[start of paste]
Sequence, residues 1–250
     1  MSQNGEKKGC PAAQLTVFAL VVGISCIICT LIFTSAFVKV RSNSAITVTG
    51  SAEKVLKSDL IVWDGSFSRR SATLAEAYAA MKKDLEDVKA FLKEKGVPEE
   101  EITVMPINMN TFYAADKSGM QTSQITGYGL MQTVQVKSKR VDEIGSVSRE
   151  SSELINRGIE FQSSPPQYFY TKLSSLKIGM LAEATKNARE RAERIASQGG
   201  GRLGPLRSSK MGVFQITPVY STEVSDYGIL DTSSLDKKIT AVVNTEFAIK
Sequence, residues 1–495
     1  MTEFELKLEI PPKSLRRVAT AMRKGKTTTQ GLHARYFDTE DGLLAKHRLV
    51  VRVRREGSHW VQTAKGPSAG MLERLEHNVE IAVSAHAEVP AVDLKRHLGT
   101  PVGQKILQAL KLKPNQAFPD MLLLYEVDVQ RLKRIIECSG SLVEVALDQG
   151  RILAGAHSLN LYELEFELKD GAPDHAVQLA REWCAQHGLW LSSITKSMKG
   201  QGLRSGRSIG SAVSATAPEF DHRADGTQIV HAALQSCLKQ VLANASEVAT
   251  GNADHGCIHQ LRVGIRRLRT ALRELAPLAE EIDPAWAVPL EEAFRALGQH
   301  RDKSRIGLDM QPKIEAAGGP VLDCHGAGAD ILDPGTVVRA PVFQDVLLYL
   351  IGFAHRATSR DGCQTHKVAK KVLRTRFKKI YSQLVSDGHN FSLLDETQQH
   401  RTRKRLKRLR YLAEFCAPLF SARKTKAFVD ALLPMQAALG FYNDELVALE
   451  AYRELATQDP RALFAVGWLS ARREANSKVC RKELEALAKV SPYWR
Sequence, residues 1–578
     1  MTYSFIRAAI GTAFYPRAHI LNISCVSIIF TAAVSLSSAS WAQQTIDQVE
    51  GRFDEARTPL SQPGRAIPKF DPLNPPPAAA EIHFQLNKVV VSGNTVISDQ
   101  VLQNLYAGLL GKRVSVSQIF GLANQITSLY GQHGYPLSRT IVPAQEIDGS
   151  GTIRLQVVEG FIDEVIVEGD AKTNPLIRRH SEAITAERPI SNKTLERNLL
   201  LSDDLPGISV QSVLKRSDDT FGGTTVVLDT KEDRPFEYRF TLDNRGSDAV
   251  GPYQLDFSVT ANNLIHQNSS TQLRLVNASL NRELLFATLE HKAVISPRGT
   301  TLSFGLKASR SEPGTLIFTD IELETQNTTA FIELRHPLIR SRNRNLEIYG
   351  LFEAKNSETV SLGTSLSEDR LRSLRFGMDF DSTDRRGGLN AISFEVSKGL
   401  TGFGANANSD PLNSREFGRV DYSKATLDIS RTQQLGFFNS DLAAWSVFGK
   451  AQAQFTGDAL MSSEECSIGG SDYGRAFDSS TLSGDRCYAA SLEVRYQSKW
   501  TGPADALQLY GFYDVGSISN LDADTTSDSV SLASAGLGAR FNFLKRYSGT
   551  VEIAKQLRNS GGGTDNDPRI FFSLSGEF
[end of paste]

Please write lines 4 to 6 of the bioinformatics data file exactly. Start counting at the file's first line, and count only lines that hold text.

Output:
   101  EITVMPINMN TFYAADKSGM QTSQITGYGL MQTVQVKSKR VDEIGSVSRE
   151  SSELINRGIE FQSSPPQYFY TKLSSLKIGM LAEATKNARE RAERIASQGG
   201  GRLGPLRSSK MGVFQITPVY STEVSDYGIL DTSSLDKKIT AVVNTEFAIK